How then are we to deal with our handicaps? How are we to treat this "sting in the flesh" to keep it from penetrating deeper and deeper and spreading its infection throughout our whole spiritual life? How grapple effectively with "this angel of Satan that buffets us"?
A common, almost instinctive, reaction to a handicap is to rebel against it. Why should we have this affliction which impedes the facile attainment of our goal, which mocks our eager efforts with a brooding sense of impotence? Why, O why? Where is the justice, to say nothing of the Providence, of God? The action of Job's wife in advising her husband, when afflictions streamed upon him like raindrops from on high, to curse God and die, typifies a widespread human tendency. One of the most common curse words in our language reflects that attitude of mind when things go wrong, when our handicaps are getting the upper hand.
Futility of Rebellion
James Thompson has erected this mood of rebellion into a philosophy of defiance. When ill health and shattered nerves came as the culmination of a great bereavement, he shook his clenched fist at the heavens and shouted his words of defiance:
Who is most wretched in this dolorous place?
I think myself; yet I would rather be
My miserable self than He, than He
Who formed such creatures to His own disgrace.
Such is the attitude of rebellion to which insomniacs and those whose nerves are awry are especially prone.
Similar in character though less vehement in manner than that of those who view the universe as governed by a Spirit of implacable malevolence is the reaction of those who regard the universe as purposeless, and life as a mere futility. It is the reaction characteristic of the materialist to afflictions in a world void of purpose or spiritual meaning. This mood of ultimate futility finds expression in the exalted diction of Sara Teasdale:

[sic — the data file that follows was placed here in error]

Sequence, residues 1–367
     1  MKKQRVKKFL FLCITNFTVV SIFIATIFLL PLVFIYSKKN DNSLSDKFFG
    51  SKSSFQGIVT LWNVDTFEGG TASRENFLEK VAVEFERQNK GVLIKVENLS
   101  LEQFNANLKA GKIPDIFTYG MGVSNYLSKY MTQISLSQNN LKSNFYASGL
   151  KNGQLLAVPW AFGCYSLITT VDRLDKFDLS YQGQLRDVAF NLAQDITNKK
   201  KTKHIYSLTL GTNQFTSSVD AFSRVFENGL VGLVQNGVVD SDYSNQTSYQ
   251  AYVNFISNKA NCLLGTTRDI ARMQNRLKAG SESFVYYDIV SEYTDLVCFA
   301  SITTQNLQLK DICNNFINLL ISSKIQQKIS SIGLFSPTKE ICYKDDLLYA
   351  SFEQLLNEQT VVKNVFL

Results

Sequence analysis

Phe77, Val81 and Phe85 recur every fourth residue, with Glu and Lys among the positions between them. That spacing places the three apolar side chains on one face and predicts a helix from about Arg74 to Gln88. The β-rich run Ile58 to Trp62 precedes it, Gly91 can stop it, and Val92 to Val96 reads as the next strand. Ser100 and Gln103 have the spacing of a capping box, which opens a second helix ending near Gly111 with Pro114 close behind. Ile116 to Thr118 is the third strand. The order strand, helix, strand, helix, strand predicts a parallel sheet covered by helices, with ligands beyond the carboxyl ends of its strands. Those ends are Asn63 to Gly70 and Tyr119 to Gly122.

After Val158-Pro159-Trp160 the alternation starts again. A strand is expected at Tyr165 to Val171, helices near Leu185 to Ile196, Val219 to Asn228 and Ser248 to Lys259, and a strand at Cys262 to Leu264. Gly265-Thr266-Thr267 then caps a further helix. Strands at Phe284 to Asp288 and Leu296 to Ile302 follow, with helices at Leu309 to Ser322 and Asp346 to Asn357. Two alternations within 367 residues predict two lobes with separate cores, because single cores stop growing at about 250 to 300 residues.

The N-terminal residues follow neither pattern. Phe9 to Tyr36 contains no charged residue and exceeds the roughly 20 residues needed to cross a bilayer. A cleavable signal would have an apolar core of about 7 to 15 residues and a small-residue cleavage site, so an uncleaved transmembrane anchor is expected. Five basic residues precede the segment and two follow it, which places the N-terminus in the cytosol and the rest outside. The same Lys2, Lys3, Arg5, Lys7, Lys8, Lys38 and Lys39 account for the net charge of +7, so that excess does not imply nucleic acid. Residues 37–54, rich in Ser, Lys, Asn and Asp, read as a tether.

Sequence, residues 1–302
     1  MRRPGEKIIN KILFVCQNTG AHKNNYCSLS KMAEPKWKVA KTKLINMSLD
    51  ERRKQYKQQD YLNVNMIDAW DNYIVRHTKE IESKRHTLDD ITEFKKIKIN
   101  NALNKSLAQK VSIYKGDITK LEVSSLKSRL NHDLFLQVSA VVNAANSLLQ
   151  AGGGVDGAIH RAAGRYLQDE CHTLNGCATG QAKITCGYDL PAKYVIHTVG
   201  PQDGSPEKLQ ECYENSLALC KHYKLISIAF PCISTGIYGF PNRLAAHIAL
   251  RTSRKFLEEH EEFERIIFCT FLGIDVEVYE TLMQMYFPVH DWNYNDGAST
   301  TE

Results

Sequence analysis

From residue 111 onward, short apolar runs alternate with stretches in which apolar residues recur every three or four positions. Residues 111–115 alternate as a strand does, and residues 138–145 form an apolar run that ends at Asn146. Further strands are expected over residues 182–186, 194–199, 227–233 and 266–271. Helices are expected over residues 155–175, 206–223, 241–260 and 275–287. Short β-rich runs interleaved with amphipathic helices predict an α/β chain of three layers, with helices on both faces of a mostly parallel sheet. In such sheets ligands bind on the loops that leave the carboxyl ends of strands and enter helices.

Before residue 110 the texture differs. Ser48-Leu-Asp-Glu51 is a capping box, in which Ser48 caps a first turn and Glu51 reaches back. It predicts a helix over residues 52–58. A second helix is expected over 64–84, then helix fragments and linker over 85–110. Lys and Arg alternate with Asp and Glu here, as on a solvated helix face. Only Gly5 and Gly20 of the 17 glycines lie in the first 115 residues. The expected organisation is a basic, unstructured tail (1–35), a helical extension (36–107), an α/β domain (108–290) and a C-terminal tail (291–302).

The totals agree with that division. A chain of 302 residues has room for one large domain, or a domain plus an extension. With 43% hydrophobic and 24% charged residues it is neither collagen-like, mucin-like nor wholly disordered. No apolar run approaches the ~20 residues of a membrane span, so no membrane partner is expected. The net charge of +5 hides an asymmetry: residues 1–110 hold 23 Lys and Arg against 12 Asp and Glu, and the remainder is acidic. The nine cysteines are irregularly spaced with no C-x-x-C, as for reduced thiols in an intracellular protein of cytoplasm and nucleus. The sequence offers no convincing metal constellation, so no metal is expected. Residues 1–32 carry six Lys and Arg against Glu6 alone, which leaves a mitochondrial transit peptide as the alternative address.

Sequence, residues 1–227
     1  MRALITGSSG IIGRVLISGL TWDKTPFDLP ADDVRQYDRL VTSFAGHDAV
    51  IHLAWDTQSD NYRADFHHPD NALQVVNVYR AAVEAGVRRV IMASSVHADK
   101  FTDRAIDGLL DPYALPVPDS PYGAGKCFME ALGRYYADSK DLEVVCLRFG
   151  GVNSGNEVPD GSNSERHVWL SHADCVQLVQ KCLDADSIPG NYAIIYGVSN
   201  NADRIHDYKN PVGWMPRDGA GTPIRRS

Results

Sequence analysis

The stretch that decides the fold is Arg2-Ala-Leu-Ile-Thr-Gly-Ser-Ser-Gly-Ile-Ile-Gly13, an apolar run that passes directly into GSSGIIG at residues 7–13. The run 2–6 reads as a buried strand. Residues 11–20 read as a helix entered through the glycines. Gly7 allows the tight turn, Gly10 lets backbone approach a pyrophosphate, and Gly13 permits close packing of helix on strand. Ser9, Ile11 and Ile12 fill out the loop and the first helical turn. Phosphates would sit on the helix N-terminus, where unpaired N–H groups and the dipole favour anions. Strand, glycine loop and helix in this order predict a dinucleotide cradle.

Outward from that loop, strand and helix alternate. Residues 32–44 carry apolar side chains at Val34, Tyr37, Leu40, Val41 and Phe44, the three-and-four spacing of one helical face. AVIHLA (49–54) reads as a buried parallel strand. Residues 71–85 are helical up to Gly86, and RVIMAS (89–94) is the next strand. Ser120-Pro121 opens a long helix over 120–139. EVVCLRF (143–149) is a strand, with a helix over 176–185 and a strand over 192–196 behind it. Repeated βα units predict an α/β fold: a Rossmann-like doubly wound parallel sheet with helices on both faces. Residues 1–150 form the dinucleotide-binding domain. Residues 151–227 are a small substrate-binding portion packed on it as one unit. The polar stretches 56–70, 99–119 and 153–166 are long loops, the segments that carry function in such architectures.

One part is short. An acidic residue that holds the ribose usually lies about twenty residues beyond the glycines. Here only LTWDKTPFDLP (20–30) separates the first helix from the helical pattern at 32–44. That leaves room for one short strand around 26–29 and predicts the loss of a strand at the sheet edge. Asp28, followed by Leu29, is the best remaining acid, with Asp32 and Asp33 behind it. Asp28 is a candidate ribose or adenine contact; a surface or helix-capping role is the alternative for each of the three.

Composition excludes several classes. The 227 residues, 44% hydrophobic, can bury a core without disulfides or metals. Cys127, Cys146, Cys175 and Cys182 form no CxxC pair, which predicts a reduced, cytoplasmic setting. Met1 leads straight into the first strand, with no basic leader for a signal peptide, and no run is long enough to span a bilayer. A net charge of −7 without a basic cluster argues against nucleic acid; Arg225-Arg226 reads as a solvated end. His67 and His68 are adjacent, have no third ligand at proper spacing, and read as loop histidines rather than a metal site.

A little while when I am gone
My life will live in music after me,
As spun foam lifted and borne on
After the wave is lost in the full sea.
Awhile these nights and days will burn
In song, with the brief frailty of foam,
Living in the light before they turn
Back to the nothingness that is their home.
Not unnaturally is this the attitude of one who views the universe as a welter of blind mechanical forces sweeping the winds of fate over the illimitable expanse of the mighty deep, whipping here and there the crest of a wave into the phosphorescence of life, glistening for a moment with the ephemeral glory of the rainbow, only to fall back again into the formless waters of the unfathomable sea. "Brief and powerless is man's life," says Bertrand Russell, "on him and all his race the slow, sure doom falls pitiless and dark."1 It is difficult and indeed impossible, if his psychology be consistent with the logical implications of his philosophy, for the thorough-going materialist to spiritualize his afflictions. For to him the realm of spiritual values is but the illusory mirage which the weary traveller over the desert's sands builds out of his own feverish longings and unfounded hopes. Hot-house flowers of one's subjective fancy which wilt before the chilling winds of objective reality.
The angry cry of rebellion and the plaintive sigh of futility, while affording emotional outlets, do not constitute effective techniques for dealing with one's handicaps. They offer no real help. For instead of transforming them into stepping stones to higher ends, they allow them to remain handicaps. Humanity, afflicted, struggling, striving, reaches out its hands for bread, and the cynic and the scoffer hand them stones.